Sales of onboard extras have surged

Sales of onboard extras have surged in the past few years, according to a new study. Above, a flight attendant hands out drinks. (Southwest Airlines)

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Despite lots of grousing by air travelers, the selling of onboard extras such as meals, entertainment and wireless Internet access has surged in the last few years, with sales of upgraded seats growing the fastest.

Fliers ages 18 to 34 are the airline industry’s best customers for onboard extras, which means the sales are likely to keep growing for years to come, according to travel research company PhoCusWright Inc.

“We are all captive, and we want access to the Internet and we want to be able to eat something more than peanuts and stale pretzels and we don’t have much choice,” said Douglas Quinby, one of the authors of the study, based on a survey of 2,500 leisure travelers from the U.S.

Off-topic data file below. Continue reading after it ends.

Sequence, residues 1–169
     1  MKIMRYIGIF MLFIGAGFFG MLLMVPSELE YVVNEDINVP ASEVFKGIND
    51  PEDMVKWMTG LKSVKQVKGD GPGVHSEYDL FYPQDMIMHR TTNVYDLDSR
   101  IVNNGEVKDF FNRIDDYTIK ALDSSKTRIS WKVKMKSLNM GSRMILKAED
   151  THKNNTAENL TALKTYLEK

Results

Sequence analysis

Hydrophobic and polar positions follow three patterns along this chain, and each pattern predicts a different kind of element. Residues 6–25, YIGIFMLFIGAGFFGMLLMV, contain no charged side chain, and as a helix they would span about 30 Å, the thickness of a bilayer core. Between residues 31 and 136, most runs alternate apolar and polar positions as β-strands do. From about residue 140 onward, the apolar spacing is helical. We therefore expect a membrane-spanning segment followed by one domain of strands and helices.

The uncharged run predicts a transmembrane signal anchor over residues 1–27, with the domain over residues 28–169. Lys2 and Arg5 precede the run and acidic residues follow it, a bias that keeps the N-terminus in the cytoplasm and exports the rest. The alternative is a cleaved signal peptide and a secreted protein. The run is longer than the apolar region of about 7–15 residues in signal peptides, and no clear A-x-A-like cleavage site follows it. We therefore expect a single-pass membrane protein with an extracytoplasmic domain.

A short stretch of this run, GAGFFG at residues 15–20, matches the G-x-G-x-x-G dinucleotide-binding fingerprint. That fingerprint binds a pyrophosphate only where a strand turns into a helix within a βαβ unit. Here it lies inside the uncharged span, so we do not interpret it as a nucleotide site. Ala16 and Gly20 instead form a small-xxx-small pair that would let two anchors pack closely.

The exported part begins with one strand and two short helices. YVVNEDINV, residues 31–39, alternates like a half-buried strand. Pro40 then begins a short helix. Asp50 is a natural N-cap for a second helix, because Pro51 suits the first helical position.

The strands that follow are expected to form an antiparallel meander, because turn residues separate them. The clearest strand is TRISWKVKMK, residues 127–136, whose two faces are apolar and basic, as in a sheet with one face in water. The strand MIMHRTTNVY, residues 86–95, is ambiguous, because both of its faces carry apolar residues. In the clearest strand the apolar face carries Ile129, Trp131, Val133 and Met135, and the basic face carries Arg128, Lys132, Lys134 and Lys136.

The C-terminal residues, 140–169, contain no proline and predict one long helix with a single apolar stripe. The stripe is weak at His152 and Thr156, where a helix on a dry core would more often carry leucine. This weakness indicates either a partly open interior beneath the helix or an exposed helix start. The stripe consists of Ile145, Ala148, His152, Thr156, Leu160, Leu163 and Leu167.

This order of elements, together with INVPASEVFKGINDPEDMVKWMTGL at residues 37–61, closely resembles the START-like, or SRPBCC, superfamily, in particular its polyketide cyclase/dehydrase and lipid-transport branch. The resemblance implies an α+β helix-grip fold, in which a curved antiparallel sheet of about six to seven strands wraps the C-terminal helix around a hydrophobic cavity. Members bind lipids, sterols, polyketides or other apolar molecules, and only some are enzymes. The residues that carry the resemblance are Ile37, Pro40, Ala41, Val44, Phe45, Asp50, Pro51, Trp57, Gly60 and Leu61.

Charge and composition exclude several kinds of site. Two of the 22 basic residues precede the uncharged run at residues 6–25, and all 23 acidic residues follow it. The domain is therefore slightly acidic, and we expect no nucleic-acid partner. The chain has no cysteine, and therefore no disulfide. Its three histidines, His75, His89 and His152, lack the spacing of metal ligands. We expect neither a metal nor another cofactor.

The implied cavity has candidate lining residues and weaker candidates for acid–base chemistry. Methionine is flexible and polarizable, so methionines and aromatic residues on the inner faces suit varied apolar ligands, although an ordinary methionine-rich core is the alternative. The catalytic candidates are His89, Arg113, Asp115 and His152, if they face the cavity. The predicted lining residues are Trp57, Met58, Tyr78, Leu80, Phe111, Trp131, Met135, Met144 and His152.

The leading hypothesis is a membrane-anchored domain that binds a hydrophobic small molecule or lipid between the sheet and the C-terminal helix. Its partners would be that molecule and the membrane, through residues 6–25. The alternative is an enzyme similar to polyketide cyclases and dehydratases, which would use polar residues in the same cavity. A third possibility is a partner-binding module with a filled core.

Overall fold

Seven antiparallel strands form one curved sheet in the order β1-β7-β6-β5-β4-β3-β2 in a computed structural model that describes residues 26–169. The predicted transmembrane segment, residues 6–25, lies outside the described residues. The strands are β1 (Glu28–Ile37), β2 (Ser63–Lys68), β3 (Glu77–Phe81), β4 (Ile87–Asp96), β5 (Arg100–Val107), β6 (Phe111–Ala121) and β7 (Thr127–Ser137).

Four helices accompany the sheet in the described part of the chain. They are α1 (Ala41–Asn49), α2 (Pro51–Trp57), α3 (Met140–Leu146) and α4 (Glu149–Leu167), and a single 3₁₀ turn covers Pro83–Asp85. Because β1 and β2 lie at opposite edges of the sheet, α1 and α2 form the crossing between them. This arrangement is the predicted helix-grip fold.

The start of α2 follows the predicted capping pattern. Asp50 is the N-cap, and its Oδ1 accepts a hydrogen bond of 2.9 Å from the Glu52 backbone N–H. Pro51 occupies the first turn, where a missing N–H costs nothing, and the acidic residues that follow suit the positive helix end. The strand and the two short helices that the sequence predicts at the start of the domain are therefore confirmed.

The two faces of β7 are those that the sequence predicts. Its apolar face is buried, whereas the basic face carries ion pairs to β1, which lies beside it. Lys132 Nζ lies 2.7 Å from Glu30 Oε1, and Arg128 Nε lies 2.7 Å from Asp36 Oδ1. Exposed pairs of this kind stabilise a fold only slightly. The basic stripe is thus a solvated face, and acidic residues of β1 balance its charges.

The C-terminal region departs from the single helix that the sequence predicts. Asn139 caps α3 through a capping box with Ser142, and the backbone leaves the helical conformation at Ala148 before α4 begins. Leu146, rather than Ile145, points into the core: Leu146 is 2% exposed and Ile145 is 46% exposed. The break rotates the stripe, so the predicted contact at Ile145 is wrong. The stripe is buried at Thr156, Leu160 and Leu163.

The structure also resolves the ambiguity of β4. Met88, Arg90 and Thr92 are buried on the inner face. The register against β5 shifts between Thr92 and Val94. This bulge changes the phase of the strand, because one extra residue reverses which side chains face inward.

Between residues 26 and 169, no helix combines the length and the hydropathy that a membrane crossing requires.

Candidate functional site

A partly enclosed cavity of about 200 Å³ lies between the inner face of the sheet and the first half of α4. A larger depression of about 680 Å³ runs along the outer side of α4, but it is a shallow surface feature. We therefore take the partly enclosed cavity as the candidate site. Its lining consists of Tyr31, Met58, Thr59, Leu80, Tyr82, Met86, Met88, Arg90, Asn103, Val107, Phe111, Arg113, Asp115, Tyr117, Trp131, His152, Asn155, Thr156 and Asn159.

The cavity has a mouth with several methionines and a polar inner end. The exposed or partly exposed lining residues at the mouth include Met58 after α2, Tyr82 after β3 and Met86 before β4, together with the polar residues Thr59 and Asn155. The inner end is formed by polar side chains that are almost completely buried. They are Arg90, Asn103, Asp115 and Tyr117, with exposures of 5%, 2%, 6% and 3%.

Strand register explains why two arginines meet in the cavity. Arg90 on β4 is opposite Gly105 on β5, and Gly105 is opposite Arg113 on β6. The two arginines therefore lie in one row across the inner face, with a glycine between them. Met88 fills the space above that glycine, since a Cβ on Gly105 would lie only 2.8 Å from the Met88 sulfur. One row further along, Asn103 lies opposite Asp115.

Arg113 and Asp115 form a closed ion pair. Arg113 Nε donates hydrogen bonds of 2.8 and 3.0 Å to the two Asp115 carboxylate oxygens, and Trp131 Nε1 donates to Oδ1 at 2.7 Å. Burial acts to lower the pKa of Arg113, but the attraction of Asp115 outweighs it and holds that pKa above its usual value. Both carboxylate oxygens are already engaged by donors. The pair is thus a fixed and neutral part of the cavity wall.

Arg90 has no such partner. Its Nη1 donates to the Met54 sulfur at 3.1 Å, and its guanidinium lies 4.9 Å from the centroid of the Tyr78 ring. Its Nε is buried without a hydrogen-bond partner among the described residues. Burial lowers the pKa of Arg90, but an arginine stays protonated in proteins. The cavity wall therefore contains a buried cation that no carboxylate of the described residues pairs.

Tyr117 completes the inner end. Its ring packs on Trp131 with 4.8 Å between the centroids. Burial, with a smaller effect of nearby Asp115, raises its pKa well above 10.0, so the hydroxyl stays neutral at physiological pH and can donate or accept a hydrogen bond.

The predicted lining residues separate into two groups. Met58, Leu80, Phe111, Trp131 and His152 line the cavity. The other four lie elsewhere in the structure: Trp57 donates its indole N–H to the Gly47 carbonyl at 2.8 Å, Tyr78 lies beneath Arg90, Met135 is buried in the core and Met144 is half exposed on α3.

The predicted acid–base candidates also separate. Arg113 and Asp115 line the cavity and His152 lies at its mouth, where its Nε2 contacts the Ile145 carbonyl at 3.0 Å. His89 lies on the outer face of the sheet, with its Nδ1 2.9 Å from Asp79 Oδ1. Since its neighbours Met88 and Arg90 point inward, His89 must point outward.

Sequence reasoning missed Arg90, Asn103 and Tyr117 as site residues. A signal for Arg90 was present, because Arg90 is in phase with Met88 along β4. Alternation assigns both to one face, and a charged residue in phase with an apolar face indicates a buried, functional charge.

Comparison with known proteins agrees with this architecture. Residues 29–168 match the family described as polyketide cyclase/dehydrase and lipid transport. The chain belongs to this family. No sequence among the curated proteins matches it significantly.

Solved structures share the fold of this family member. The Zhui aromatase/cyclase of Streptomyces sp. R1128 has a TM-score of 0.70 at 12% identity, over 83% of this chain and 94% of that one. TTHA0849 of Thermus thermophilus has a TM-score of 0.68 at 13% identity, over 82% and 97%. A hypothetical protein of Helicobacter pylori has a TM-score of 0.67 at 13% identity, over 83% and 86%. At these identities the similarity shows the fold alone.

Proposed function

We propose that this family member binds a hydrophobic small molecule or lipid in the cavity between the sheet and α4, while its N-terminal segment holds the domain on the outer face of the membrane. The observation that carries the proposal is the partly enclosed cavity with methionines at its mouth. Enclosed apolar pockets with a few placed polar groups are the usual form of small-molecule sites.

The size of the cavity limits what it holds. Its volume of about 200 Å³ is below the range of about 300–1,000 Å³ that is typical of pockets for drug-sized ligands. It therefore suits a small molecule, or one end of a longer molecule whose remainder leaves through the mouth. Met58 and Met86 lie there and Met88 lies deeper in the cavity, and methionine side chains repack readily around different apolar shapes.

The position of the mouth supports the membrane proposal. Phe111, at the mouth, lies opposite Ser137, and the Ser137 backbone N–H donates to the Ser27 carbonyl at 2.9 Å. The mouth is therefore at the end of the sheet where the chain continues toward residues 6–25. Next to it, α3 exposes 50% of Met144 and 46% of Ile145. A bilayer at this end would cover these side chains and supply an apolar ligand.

In 2010, only 28% of leisure travelers bought in-flight snacks and meals, but that rate grew to 40% in 2012, according to the study. The sale of in-flight movies and entertainment jumped from 15% in 2010 to 23% in 2012, the study found.

The number of travelers paying to upgrade their seats grew from 13% in 2010 to 23% in 2012, the study found.

Younger fliers are more likely to spend on the add-ons either because they are unfamiliar with the days when such extras were included in the cost of an airline ticket or because they are more accepting of the new fees than older travelers are, Quinby said.

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